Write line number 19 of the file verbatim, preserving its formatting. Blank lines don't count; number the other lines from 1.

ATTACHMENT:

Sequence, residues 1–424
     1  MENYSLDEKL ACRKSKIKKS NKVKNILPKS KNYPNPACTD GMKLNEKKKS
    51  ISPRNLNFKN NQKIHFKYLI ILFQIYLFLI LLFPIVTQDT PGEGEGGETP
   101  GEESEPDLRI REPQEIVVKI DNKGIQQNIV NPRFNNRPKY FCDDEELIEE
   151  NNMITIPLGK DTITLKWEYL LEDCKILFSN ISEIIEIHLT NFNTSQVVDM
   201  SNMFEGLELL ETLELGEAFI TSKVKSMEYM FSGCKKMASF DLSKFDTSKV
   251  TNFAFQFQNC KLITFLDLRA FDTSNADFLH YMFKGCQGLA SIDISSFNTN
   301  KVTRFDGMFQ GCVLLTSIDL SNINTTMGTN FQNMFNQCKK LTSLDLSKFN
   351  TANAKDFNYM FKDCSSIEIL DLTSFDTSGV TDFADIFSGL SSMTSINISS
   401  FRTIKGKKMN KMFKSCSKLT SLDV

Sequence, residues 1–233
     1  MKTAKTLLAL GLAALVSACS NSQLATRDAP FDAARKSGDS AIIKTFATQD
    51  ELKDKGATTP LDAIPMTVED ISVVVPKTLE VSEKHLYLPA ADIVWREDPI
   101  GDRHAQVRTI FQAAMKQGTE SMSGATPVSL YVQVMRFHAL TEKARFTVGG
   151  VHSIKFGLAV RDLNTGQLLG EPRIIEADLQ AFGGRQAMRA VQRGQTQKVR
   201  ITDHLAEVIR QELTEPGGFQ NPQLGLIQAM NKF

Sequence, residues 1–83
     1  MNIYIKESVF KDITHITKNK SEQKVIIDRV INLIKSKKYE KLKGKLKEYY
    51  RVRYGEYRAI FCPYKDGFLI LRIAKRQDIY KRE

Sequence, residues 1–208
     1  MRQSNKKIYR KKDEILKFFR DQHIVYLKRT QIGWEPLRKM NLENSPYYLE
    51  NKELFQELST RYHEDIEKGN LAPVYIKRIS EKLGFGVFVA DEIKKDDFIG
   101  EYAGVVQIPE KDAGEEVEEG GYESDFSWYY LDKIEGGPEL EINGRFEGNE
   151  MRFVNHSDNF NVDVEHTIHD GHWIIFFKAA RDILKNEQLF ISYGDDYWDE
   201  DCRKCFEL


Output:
    51  RVRYGEYRAI FCPYKDGFLI LRIAKRQDIY KRE